Any electronic device you're looking to develop that's meant for use by humans must be developed with security in mind – otherwise, you risk embarrassment and dissatisfied customers.
Security should not be an afterthought for IoT and wearable devices. It should be part of the design from the very beginning. It's a constant factor addressed in all project phases, including system design, test, and validation. At the root of the device, security keeps unauthorized users from accessing any personal or confidential information. It is one aspect of a successful project.
Why is security important?
In an increasingly connected world, security is an ongoing challenge for companies, engineers, and end-users. Potential threats include malicious apps, phishing scams, data leakage, spyware, and unsecured Wi-Fi networks. Even worse, unsecured devices can malfunction and put people's lives in danger in the case of medical devices.
Just recently, Voler System's President Walt Maclay's email was hacked, and the culprit was able to access his email settings. The attack kept him from seeing replies from phishing emails, which managed to start sending out emails. The email was clever, and some people did not recognize it as fraudulent. Thankfully, his team quickly detected and fixed the issue, limiting the number of fraudulent emails. To prevent future attacks, he started using a two-factor login authentication. We all need to increase our resistance to cyber threats, as they get more sophisticated every year.
This story is just an example of the thousands of automated and manual cyber-attacks happening throughout the world. Just imagine this happening to a casual user. More often than not, these types of attacks are seen all too late when catastrophic damage is done.
JD Supra wrote that ransomware attacks are predicted to occur every 11 seconds in 2021, with a cost of $20 billion. It is reported that 91 percent of cyber-attacks begin with a spear-phishing email, which is instructive to businesses regarding the importance of educating employees to not rely on email and to be highly vigilant about all email traffic, links and attachments.
Like email accounts, smart IoT devices are extremely vulnerable to attacks.
According to Symantec, Each IoT device suffers from an average of 5,200 cyber-attacks monthly. Attackers are increasingly able to shut down or corrupt the actions of IoT devices that control equipment or interact in some other way with the physical world.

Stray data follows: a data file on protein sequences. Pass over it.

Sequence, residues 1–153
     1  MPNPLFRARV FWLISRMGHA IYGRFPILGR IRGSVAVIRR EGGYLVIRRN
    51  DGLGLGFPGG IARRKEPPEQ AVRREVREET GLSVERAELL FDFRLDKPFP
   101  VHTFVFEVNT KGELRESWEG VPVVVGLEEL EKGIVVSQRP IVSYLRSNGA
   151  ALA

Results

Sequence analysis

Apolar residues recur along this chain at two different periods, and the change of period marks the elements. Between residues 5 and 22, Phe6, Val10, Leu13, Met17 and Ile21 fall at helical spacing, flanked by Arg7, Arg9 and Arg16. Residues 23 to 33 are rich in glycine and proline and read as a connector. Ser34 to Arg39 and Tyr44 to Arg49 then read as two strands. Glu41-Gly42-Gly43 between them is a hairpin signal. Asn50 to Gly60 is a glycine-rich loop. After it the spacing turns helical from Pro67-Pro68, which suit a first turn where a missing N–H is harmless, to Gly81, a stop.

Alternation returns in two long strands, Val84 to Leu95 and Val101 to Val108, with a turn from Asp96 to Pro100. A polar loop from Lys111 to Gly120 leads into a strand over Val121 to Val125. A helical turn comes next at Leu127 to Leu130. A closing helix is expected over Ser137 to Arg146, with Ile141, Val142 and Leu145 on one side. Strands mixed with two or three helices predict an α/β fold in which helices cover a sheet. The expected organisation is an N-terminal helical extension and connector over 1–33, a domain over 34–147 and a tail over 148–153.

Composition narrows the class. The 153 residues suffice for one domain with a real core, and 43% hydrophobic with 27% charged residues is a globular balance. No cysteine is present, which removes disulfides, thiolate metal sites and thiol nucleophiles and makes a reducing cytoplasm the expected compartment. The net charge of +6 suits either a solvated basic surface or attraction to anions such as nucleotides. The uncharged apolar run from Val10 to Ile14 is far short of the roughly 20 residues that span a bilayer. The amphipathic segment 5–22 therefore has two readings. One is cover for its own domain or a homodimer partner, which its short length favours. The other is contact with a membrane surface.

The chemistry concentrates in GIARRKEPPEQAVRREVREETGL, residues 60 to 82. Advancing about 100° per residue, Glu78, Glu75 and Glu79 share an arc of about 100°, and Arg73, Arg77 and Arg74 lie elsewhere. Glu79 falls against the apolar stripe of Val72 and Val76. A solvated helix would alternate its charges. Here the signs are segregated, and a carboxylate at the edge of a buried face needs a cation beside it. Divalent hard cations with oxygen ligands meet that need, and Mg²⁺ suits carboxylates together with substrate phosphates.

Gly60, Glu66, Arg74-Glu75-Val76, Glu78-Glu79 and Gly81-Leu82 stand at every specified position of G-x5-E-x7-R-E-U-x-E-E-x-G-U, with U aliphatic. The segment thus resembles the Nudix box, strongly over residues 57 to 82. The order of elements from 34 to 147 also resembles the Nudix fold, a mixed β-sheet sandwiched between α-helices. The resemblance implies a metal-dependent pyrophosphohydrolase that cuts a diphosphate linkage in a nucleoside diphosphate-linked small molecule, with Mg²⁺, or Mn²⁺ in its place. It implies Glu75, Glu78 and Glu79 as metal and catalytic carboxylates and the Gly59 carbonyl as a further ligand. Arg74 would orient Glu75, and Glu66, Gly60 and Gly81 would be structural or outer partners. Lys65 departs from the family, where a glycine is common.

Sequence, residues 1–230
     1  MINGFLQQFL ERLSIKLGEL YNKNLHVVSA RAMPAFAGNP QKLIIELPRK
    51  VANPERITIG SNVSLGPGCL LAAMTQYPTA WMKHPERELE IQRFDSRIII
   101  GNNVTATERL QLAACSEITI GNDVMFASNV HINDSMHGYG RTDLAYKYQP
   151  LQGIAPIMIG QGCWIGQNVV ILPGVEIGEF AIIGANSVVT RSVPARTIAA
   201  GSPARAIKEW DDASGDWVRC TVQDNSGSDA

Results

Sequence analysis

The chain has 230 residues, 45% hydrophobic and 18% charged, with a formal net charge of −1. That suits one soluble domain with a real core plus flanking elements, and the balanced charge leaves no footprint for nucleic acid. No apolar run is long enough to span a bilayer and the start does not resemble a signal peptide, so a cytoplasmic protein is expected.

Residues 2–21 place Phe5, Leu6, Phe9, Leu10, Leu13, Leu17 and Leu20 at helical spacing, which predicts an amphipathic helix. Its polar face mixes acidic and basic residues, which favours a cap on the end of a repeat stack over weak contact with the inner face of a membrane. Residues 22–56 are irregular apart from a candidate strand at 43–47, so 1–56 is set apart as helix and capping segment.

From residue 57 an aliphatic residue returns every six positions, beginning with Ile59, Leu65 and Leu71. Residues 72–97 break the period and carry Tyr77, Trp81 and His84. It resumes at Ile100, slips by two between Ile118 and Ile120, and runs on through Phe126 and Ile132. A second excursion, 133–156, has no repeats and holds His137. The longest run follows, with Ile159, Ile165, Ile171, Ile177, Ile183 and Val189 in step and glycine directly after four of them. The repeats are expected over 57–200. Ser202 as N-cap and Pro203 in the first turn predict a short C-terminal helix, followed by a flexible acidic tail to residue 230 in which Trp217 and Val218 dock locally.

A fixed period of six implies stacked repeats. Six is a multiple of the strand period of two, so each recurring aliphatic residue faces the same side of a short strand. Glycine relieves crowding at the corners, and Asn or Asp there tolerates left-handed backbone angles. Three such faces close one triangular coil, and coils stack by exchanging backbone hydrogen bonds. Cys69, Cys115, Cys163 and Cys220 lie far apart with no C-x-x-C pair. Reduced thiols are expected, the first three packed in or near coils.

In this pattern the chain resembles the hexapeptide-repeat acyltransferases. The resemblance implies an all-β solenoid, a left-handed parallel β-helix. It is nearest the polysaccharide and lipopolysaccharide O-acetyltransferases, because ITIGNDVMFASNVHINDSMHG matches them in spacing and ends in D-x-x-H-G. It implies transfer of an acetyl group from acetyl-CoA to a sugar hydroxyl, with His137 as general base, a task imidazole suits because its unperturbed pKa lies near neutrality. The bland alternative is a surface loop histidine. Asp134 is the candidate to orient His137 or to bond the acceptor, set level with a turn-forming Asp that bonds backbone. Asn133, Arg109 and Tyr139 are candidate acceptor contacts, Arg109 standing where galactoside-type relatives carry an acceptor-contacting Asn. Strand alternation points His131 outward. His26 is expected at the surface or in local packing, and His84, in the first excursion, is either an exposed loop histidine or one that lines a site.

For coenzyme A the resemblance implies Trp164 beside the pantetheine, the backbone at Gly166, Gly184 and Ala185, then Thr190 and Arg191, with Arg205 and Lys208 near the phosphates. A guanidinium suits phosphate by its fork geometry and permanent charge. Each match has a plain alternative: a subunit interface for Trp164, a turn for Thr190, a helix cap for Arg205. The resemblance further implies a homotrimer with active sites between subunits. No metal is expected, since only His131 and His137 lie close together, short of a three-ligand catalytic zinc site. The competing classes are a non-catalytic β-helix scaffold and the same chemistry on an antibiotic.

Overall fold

When you consider that a projected 5 million individuals will be remotely monitored by healthcare providers by 2023 using medical wearables, security takes on an even higher level of importance.
Companies looking to build smart IoT devices should take clear, preventative steps to mitigate the risk to avoid a security breach.
Check out this article to learn more about safeguarding the security of data from wearable devices.
The mere fact that a wearable device can collect so much data presents a potential risk of a data breach, especially if the device did not store data properly. And when data travels through wireless networks, it can be hard to keep it safe from malicious third parties that can steal poorly managed data via unsecured data transmission channels.
Thankfully, many security issues around wearables can be addressed by consulting an expert in this field. Voler Systems has three decades of providing R&D consulting and developing wearable devices, IoT devices, medical devices, consumer products, and other specialized sensor-based electronics and prototype circuits.
Contact our team of experts today to learn more about wearable security or consult about your ongoing project!
Located in Silicon Valley and with more than 40 years of electronic design experience, Voler Systems continues to be a leading custom product design consulting company providing high-quality electrical engineering and firmware development. Voler Systems ensures delivery of quality products, on time, on budget with low risk. All projects are undertaken with good specifications, the right people, quality design, constant communication, and a smooth transfer to manufacturing.